Every morning, my stillbirth

I, a raven choking,
breast bursting with maggots—
a harsh hacking of mucus and blood—
schooled to silence, to smiles,
to the science of kneeling.

Words scrabbling for the throat, in close-cleft confines
clawing their way out into the sunshine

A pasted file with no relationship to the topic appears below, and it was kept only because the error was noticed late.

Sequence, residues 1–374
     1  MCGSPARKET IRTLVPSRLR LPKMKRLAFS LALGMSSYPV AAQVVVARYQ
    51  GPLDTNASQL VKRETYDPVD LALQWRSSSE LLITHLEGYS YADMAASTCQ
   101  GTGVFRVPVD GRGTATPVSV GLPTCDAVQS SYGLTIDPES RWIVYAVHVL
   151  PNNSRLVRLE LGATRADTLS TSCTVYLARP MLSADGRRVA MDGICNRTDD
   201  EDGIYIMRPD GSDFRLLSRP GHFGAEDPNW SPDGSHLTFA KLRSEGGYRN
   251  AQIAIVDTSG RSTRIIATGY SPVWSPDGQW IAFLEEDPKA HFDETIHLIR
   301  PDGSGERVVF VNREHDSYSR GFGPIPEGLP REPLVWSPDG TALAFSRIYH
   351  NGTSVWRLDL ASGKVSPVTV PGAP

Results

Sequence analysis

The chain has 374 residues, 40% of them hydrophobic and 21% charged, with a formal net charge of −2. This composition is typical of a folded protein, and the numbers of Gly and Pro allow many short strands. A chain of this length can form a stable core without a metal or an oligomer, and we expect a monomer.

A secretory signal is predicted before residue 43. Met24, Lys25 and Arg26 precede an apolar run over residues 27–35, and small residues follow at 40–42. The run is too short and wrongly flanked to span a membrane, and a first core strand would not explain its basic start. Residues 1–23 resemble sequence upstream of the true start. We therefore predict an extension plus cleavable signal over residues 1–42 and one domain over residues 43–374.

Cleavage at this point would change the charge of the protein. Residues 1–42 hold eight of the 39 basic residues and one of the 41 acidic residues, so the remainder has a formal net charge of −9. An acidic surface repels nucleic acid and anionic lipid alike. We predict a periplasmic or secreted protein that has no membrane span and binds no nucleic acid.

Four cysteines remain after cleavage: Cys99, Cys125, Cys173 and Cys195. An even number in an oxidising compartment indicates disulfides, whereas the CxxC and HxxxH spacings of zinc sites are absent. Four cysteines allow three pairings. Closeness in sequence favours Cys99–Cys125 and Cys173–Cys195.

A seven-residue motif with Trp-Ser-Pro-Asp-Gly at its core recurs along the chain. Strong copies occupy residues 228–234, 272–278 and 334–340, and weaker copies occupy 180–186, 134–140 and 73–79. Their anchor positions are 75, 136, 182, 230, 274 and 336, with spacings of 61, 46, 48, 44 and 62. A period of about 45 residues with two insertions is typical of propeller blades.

still closeted in their birthing-sacks
flecked with fluid.

I had so much to say,
but gently hissing, that dark reptilian god,
his green-jawed grin takes us all:
my glutton, merciless.

Harangued, he held me,
a pale experimental bird:
dumb and fluttering to the kiss,
shouldered into abbreviation.

So I dipped my daughters in the ash-soaked river
and fell
until the sun hung low enough
to cast a crocodile’s shadow.